Pride Month Beyond June: Fostering Long-Term LGBTQ+ Support Year Round

Pride Month Beyond June: Fostering Long-Term LGBTQ+ Support Year Round

Last week America’s largest LGBTQ+ civil rights organisation declared a national state of emergency against the community for the first time in its history, with over 70 anti-LGBTQ+ bills being signed into law this year, and more expected in the coming months. From the outside looking in, it’s not always easy to fully understand how harmful policies like this affect each and every LGBTQ+ person worldwide. As the LGBTQ+ community, and in particular our trans siblings, now face real danger and an almost complete lack of protection in many US states, this Pride how can we stem this tide of negativity and offer long-term commitment to a community that needs it more than ever? And what responsibilities do allies have in helping achieve this?

When you think of Pride, what comes to mind? Is it a celebration all things queer and a look back on LGBTQ+ history, or a tick in the box and an opportunity for a LinkedIn marketing moment? Of course, it wouldn’t be Pride if we weren’t going to complain about how corporate it has become. It’s a topic that comes up every year, but remains a relevant and important discussion to have, particularly when speaking about taking real action versus corporate virtue signalling. Corporate sponsorship has become a big part of pride, from the Tesco float in the parade, to the Barclays rainbow logo, corporations will always find ways to capitalise on the pink pound. And when corporations get this right, by funding LGBTQ+ initiatives driven by LGBTQ+ creators, this can have a material benefit to an often economically marginalised community. But beyond sponsorship, how can businesses show sincere support to their LGBTQ+ employees? And should companies have to earn the right to display the rainbow in June?

There is so much more that companies and employers can do that will truly benefit the LGBTQ+ people who work for them. Working conditions and environment can have a huge impact on mental health, as research from the Karolinska Institute found, your boss has more of an impact on your health than your doctor does. Being able to be authentic at work benefits everyone, including the business; it allows employees to be their full, creative selves. This is why it’s important that employees, and in particular those with people leadership responsibilities, are confident and competent in facilitating an authentic, inclusive workplace culture. For LGBTQ+ employees, this means having the space to be out at work, to speak openly about your family structure, and to have space to connect with others in your community. It shouldn’t be underestimated how crucial support networks for LGBTQ+ employees and diversity and inclusion initiatives are for members of these communities at work, but outside of these initiatives, LGBTQ+ people are still struggling to be recognised by workplace policies. Businesses should strive to improve cultural competency through their policies, beyond what is just needed to comply with legislation, some examples include:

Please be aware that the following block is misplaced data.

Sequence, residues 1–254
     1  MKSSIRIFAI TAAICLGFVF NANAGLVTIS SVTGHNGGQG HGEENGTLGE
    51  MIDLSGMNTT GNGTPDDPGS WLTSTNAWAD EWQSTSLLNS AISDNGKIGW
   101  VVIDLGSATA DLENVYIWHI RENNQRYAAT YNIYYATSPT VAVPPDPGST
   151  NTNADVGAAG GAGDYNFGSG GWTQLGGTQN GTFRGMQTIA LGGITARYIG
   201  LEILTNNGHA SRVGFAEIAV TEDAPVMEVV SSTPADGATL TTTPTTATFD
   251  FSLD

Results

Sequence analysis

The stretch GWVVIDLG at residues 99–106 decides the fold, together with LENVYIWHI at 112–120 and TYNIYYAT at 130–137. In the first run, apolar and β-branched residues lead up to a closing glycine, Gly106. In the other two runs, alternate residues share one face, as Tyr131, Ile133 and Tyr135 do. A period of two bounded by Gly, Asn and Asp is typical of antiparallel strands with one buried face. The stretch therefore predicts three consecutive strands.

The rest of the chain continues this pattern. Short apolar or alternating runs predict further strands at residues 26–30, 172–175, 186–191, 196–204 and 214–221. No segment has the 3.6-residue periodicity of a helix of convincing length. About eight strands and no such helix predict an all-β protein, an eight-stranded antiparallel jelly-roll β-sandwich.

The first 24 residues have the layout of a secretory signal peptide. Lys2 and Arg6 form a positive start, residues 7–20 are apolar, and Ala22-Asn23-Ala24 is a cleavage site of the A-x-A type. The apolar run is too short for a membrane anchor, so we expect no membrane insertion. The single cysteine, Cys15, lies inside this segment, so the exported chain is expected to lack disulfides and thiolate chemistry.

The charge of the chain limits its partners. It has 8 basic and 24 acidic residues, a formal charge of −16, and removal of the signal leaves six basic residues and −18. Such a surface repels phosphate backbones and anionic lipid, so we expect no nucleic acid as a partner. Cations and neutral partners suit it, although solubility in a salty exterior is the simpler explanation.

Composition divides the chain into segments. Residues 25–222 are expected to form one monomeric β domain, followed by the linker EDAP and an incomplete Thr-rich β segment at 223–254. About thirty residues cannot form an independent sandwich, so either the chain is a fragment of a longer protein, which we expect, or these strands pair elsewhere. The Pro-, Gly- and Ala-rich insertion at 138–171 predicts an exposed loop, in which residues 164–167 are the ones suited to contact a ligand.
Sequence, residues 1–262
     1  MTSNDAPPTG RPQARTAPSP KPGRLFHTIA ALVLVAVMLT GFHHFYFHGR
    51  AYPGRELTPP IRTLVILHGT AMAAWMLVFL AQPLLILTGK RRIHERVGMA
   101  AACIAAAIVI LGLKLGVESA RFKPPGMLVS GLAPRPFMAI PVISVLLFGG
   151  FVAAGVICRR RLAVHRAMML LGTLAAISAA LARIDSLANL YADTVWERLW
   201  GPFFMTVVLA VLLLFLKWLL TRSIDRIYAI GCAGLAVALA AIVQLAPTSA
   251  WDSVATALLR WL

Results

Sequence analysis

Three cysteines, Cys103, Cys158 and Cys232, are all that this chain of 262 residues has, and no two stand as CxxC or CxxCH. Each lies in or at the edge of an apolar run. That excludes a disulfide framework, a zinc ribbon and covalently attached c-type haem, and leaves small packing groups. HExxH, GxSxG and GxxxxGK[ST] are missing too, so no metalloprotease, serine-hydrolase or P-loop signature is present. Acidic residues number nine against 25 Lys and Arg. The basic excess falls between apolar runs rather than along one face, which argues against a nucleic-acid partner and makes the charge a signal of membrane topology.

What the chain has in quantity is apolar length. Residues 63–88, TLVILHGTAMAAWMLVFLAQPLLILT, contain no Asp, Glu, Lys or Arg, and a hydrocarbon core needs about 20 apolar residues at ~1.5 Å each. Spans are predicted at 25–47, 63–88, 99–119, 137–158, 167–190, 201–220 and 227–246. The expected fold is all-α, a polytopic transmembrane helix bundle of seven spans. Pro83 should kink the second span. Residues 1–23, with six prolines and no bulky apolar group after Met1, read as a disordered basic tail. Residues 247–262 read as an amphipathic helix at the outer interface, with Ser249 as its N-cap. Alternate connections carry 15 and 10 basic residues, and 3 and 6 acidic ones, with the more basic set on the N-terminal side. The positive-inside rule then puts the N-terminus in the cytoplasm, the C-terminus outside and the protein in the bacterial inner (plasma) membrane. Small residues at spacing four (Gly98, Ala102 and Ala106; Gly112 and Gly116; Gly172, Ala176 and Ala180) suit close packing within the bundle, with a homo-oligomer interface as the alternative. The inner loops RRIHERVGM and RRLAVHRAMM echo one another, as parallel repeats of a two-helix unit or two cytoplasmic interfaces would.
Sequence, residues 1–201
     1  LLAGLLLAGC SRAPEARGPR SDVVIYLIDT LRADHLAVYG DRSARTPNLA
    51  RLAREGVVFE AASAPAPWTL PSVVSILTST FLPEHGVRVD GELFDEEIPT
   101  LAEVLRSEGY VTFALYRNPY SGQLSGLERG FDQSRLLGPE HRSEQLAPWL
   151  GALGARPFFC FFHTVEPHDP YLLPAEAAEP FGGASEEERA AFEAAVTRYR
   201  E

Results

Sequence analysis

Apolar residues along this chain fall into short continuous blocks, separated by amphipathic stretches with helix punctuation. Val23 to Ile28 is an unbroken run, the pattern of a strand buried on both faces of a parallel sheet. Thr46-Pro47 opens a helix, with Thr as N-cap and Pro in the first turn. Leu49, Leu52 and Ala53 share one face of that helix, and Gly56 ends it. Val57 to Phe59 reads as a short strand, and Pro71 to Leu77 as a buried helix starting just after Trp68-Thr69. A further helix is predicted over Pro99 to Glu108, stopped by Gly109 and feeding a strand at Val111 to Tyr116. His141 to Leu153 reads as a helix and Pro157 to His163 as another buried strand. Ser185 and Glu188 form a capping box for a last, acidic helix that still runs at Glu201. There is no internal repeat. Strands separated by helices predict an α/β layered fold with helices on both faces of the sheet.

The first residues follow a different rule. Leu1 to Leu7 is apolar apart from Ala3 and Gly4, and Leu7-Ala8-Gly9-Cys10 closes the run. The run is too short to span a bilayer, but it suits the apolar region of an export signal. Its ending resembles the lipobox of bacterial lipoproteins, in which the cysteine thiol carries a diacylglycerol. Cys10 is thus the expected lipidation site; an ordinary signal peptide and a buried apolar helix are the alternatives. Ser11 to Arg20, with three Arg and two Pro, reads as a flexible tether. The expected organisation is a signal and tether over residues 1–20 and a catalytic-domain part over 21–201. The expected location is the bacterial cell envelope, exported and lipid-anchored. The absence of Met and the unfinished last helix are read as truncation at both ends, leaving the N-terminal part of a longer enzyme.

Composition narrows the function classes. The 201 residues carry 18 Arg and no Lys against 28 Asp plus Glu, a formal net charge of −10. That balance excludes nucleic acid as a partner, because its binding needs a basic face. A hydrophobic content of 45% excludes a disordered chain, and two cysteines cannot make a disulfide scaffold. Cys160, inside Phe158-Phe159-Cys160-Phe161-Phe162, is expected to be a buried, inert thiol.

• Bereavement policies –  LGBTQ+ people may often have different definitions of family to others, whether this is due to not being accepted by your family, or other personal reasons, bereavement policies should extend to a person’s ‘found family’
  • Parental leave – this should include anyone who is going to adopt or play a role in parenting a new child, and not limit full maternity leave entitlements to only those who give birth
  • Pensions  – ensuring the pension pot allows for civil partnerships or for couples who don’t want to, or are not able to, get married
  • Healthcare and health policies – should include protection for trans employees, who are amongst the most marginalised in our community
  • Equal pay – research has shown that those who identify as LGBTQ+ earn 22% less than their heterosexual counterparts. There is very little tracing of pay inequalities from an LGBTQ+ perspective, and companies can take a proactive approach by monitoring and intervening as necessary
  • Training and Development – ensuring employees from marginalised backgrounds are consistently supported by their employer to take part in community building as part of continuous professional development. Also ensuring that there are targeted initiatives to support employees who might be otherwise disadvantaged in the workplace

Pride Month may have a definitive timeframe, but it carries and means so much more to the LGBTQ+ community than just what we see in June. Feeling safe and included at work should be the bare minimum, and the beauty of Pride is that beyond being included, we can be celebrated. But allyship should be an everyday practice, and being an ally isn’t limited to a specific month or moment. As we bid farewell to Pride Month, let’s not let the momentum fade away, let Pride Month be a catalyst for lasting change and progress, extending far beyond the boundaries of June.

For more information on inclusion in the workplace:



Source: The LGBTQ+ Gap: Recent Estimates for Young Adults in the United States by Marc Folch :: SSRN